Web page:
Satellites in a box – Radio Aurora Explorer Video

In this video radio amateur Professor Jamie Cutler KF6RFX highlights the ability of CubeSats to test new technology in space at low cost.

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.Oculus-ASR Microsatellite

Close-up of the Oculus-ASR in the Lab – Image credit Michigan Tech Aerospace Enterprise

Oculus-ASR is a 70 kg satellite 45.72 cm by 78.74 cm by 45.72 cm. It consists of two modules that are permanently attached. An octagonal module, referred to as the Oculus module, sits atop a square module, known as the ASR module.

The Michigan Technological University Aerospace Enterprise team are proposing to fly a V/U transceiver with an AX.25 packet downlink.

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Upcoming ARISS contact-Sunday, August 5, 2012

Space Jam 6 at the Octave Chanute Aerospace Museum, Rantoul, Illinois, USA – Akihiko Hoshide, KE5DNI Sunday, August 5, 2012. Station WB9SA in Illinois, USA will call NA1SS at approximately 10:06 UT.

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Video of ISS Ham Radio contact with WISH students

International Space Station Flight Engineer Joe Acaba KE5DAR used amateur radio to speak with high school students participating in a summer program called Women in STEM High School Aerospace Scholars, or WISH.

The students, selected from across the country, were attending briefings and engaging in competitive hands-on engineering activities related to space exploration and research.

Watch Joe Acaba Speaks with WISH Students

WISH – Encouraging science, technology, engineering and mathematics

ARISS contact with STEM High School Aerospace Scholars, Houston, TX

NASA WISH Press release

Amateur Radio on the International Space Station (ARISS)

Encouraging Science, Technology, Engineering and Mathematics

First US Woman Astronuat Sally Ride on STS-7 - Image Credit NASA

The Women in STEM High School Aerospace Scholars  (WISH) project is sponsoring two six-day summer camps for rising high school seniors that should feature a presentation by astronaut Shannon Walker KD5DXB and an Amateur Radio contact with the International Space Station (ISS).

Eighty-four female high school students from 29 states will plan a simulated mission to Mars and experience life as an engineer or scientist when NASA’s Johnson Space Center in Houston hosts two events focused on science, technology, engineering and mathematics (STEM) in June and July.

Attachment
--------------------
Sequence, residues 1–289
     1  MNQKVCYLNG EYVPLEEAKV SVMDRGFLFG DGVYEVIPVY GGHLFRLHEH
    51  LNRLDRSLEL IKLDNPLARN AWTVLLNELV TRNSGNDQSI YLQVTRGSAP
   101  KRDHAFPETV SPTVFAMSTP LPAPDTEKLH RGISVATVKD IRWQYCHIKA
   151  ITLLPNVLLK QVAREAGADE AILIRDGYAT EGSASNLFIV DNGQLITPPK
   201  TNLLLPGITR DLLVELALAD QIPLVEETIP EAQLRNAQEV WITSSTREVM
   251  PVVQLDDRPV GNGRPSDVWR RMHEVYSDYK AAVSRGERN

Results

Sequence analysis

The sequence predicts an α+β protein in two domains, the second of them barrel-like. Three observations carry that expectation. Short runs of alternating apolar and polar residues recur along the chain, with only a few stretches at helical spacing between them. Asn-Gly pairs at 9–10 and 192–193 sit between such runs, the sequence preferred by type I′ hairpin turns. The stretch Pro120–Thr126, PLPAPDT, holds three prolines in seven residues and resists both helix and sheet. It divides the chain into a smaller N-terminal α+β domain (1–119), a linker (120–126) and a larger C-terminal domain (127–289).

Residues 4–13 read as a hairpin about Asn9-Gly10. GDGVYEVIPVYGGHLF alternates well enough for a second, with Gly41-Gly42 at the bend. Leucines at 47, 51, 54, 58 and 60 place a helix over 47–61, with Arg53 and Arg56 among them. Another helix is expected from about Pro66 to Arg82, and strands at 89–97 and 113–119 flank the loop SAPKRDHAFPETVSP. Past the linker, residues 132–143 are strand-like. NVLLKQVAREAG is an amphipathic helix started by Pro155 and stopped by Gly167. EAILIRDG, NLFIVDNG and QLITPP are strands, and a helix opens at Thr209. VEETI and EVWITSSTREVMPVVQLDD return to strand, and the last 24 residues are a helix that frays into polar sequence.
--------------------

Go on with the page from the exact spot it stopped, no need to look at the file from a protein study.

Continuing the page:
Shannon Walker KD5DXB - Image Credit NASA

The young women will work in teams with female NASA mentors to develop mission plans for launching to Mars, living and working there, and integrating the many components necessary for a successful planetary mission. They will work within the confines of a fictitious budget and build several small mockups of vehicles to demonstrate a successful launch and landing of the Mars spacecraft.

“WISH gives some of our brightest future innovators a chance to experience some of the exciting challenges that NASA engineers and scientists face on a daily basis,” said Johnson Deputy Director and four-time space shuttle astronaut Ellen Ochoa KB5TZZ. “It shows the young women that there are a variety of opportunities for them in technical fields.”

Young women participating June 24-29 will hear a first-hand account of life in space from NASA astronaut and radio amateur Shannon Walker KD5DXB. Participants July 8-13 will have a chance to speak with a current space station astronaut via ham radio as part of the Amateur Radio on the International Space Station program, a NASA educational initiative that facilitates direct links between students and astronauts.

The young women were selected based on completion of interactive, online lessons focused on space exploration and mapped to national education standards, academic merits and geographic diversity. The WISH program encourages young women to pursue science, technology, engineering and mathematics degrees and exposes them to the real-world applications of STEM careers at NASA. This program is in its second year. It began as a NASA accompaniment to the White House Council on Women and Girls.

For more information about WISH and a list of student participants, visit:

WISH: Women in STEM High School Aerospace Scholars

Source NASA

Amateur Radio on the International Space Station ARISS